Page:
Jakarta – Good News

The picture is a microphotograph of ambient (street-)dust, collected in Jakarta on August 9th, 2020, after major rainfall which ended a spell of ten dry days. The sample material has been washed down and concentrated by the rain and was collected with a tape lift from a specially prepared surface.

Dust sample after rain (Jakarta, August 8th, 2020). Note the scale bar at the top of the image.

So, what’s good about it? What is the good news? – Many things: What we see is mainly mineral dust (by visual estimation) consisting predominantly of quartz grains and a very few other mineral (such as plagioclase and muscovite). The yellowish coloring of the grains comes from iron oxide.
We note the conspicuous absence of asbestos fibers, although the sample was collected close to a traditional residential area with Eternit roofs.

Asbestos constitutes a significant health risk. We also note the very small proportion (<5%) of soot which usually comes from the unfiltered exhaust of diesel engines. Soot, amorphous carbon, forms opaque particles which can be identified by their peculiar shape. Finally, the grains in the sample are much larger than 5 μm (five micron). This is good news, because particles smaller than 5 μm could enter the alveoli of the lungs and remain there, causing damage and respiratory problems. Other very minor, subordinate components in the sample are microplastic (I have seen less than five particles), pollen, seeds and other plant particles.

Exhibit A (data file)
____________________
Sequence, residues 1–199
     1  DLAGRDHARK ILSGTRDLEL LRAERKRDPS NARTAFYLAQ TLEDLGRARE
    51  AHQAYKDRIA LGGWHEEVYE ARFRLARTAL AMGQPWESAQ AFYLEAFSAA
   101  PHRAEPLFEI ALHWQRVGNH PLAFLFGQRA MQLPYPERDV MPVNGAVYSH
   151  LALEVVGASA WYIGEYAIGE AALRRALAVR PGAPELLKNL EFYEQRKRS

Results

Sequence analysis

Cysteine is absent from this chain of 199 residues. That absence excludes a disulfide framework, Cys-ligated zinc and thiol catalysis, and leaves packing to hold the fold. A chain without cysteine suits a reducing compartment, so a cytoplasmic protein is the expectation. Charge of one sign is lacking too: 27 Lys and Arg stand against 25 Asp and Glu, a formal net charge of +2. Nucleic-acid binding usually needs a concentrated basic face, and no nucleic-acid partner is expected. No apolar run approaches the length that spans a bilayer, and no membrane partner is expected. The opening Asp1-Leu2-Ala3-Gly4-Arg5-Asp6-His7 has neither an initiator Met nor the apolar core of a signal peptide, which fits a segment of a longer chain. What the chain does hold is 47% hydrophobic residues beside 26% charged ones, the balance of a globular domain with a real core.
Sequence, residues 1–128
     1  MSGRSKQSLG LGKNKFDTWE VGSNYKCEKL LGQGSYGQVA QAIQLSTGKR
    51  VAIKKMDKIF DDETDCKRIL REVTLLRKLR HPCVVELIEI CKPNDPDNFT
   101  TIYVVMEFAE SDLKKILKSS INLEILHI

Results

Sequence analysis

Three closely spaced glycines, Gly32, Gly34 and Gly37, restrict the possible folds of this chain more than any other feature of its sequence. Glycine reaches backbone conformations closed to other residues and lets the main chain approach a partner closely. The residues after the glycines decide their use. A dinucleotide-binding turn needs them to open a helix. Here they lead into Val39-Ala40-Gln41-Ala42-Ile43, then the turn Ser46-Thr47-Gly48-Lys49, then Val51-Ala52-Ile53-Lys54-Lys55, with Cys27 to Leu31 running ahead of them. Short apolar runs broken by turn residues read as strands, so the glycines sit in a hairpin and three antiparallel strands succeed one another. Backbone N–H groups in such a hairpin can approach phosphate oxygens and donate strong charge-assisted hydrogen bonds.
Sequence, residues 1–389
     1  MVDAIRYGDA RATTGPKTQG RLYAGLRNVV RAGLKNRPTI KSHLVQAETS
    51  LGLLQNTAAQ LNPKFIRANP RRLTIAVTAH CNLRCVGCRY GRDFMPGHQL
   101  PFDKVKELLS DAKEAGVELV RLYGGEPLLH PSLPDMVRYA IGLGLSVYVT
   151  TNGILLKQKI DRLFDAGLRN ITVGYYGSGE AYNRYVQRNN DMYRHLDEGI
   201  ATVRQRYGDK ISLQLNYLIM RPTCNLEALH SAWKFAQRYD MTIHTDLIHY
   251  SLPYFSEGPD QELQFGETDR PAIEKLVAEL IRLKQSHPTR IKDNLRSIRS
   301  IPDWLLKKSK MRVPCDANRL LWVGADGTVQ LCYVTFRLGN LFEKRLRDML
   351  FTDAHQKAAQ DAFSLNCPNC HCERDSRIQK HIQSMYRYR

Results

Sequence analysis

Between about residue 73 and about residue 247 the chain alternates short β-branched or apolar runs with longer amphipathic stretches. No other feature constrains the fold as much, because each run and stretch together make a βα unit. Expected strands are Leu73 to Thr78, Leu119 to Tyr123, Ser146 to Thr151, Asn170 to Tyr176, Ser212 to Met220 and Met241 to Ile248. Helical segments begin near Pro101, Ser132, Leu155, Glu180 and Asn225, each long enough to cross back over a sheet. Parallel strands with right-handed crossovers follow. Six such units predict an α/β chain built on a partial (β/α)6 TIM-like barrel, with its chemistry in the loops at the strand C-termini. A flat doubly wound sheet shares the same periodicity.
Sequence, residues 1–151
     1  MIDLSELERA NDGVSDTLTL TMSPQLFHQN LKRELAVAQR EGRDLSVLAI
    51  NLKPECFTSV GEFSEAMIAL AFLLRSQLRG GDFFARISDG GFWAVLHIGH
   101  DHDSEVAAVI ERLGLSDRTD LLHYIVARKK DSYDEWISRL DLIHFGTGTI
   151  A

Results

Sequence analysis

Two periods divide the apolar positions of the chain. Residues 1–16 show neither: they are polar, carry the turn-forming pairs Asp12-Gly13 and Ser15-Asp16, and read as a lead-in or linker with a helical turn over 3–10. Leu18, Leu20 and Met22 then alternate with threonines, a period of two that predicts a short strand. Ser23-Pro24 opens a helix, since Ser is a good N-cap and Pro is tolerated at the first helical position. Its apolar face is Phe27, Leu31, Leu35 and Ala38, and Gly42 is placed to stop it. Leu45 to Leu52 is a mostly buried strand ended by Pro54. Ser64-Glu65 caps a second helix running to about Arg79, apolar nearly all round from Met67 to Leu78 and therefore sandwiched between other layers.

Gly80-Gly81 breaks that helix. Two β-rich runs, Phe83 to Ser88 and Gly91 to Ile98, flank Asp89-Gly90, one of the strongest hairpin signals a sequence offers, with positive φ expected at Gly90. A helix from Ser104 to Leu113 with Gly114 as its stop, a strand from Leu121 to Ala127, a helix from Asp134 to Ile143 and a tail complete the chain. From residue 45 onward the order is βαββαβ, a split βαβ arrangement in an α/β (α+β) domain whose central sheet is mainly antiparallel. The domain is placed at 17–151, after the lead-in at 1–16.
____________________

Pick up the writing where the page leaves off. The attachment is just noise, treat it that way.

Of course, it might be the case that the sample was not perfect and has missed the fine fraction of the atmospheric dust and of course, more samples and more studies are necessary (as always) to get closer to the final truth. However, the current observation is encouraging.
So, where does the dust come from? – A good question, indeed! It has been established that areas in Europe and north America receive mineral dust from as far away as the Sahara desert and from other desert areas in the Middle East. But where does the Jakarta dust come from? We can only speculate. Possible sources are desert areas in China and the Australian outback. The few plagioclase grains in the samples (plagioclase is only metastable) are probably from the fall-out of volcanic ashes (?Merapi, ?Mt. Sinabung, etc.). Volcanic origin of the quartz grains can be excluded because quartz is not a common mineral in volcanic matter, therefore it must have come from somewhere else …